Reduce the heat under the pan and add a good lug of oil. Add the shallots and the garlic and fry until translucent and tender. Turn up the heat, add the wine, and let it reduce by half.
Add the blueberries and simmer slowly for 4 minutes, then remove the pan from the heat, add the butter, and jiggle and shake the pan around so the sauce goes slightly opaque and shiny. Season to taste.
Slice the venison into 2cm/¾ inch slices and serve with steamed purple sprouting broccoli or some other good greens. Add the meat’s resting juices to the sauce and spoon over the venison.
Absolutely fantastic.

 Shallots can also be roasted with chicken.  In the picture above the chicken has been simply salted and red peppers and yellow peppers roasted alongside the shallots, all in the same pan.   And below we have one of the recipes for roasted vegetables

 Delia Smith's Winter roasted vegetables

Ingredients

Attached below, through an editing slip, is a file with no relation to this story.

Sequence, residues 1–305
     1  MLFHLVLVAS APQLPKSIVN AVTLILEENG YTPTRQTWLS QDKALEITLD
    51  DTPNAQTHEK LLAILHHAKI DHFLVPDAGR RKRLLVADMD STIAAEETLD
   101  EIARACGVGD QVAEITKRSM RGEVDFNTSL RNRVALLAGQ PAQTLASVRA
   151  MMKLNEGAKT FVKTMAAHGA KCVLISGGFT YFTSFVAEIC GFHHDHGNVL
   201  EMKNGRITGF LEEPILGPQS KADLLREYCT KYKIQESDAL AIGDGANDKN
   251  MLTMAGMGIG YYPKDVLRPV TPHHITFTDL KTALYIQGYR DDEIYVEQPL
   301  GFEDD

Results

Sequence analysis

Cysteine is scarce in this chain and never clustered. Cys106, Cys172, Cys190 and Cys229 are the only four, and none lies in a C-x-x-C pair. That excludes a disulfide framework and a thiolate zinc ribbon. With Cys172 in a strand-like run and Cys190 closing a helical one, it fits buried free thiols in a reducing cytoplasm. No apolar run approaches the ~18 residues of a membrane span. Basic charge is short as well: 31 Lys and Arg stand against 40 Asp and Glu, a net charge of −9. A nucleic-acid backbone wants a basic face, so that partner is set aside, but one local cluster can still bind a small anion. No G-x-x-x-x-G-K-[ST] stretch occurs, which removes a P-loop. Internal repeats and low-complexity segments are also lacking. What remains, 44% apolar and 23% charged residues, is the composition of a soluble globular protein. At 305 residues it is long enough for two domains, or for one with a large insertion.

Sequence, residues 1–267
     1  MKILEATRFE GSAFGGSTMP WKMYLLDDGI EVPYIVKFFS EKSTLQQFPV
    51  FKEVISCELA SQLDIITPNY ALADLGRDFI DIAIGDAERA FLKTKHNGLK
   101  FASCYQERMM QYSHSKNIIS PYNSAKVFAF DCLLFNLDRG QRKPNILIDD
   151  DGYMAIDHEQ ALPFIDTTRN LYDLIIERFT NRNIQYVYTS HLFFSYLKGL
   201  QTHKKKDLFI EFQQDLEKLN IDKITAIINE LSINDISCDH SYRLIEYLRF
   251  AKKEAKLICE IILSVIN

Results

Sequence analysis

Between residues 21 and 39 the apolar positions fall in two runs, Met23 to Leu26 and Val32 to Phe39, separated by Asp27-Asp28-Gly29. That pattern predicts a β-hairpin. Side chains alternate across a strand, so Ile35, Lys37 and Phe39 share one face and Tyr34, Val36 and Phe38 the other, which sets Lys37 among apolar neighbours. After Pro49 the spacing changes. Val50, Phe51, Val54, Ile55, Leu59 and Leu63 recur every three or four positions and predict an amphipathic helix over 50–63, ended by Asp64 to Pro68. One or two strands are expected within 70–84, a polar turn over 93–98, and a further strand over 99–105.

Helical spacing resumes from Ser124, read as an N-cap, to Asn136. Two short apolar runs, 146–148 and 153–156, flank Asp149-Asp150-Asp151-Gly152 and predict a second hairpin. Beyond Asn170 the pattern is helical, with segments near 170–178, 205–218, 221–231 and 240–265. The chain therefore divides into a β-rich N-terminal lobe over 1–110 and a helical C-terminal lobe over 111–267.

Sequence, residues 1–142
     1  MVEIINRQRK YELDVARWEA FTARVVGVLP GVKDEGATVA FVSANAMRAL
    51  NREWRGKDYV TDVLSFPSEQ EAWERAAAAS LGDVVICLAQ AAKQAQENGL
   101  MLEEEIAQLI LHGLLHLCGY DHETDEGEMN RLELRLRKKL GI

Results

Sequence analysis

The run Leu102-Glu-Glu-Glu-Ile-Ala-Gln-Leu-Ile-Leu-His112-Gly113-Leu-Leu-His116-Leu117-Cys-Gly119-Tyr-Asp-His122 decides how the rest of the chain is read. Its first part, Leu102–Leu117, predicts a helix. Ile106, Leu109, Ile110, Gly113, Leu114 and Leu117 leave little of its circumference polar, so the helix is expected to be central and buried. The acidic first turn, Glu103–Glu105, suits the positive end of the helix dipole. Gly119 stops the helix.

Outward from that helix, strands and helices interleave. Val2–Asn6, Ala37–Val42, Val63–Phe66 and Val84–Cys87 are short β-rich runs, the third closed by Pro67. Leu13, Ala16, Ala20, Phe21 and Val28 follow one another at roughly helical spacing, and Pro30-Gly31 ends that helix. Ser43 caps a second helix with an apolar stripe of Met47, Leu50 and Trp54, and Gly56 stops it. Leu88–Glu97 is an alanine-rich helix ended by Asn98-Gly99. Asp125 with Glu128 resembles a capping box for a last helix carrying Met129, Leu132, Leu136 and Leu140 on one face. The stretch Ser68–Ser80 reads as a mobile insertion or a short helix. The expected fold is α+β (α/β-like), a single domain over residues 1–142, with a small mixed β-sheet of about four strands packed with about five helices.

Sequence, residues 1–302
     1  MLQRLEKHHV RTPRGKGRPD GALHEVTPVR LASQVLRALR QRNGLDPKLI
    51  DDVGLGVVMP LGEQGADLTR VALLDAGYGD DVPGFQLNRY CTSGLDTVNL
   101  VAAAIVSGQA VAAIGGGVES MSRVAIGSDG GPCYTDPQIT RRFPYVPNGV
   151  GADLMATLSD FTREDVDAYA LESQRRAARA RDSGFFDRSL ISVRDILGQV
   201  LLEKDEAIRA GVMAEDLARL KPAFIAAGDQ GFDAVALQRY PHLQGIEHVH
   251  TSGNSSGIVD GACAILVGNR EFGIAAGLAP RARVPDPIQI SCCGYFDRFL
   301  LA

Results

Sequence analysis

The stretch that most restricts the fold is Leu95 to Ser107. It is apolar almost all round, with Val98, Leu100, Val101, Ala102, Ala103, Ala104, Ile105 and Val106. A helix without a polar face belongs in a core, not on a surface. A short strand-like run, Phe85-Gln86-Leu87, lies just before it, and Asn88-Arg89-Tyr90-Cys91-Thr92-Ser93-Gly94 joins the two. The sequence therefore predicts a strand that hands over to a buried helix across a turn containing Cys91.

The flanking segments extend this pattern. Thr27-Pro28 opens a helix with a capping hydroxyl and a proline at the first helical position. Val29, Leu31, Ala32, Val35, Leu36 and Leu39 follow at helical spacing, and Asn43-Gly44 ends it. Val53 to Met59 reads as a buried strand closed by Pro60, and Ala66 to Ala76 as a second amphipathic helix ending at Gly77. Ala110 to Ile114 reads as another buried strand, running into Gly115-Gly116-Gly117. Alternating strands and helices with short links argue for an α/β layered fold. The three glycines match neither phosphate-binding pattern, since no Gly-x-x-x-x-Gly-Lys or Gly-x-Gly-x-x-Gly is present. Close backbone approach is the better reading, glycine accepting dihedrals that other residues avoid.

12 shallots, peeled

350g (12oz) peeled and de-seeded butternut squash

350g (12oz) peeled sweet potato

350g (12oz) peeled swede

350g (12oz) peeled celeriac

1 tablespoon freshly chopped mixed herbs (rosemary and thyme, for example)

2 large cloves garlic, peeled and crushed

3 tablespoons olive oil

Salt and freshly milled black pepper

 

Method

1  Cut the vegetables into large, chunky pieces (no smaller than 4cm/ 1 1/2 inches) - leaving the celeriac until last, as it may discolour if left for too long - place in a large bowl, then add the herbs, garlic, olive oil and lots of seasoning and just use your hands to mix them.

2 Pre-heat the oven to gas mark 7, 425F (220C).

3 Spread the vegetables out on the baking tray and cook in the oven on a high shelf for 30-40 minutes, until they’re tender and turning brown at the edges.

 

 

 Another suggestion - just shallots and slices of potato roasted in butter and oil

 Versatile, delicious and healthy, what more could you ask!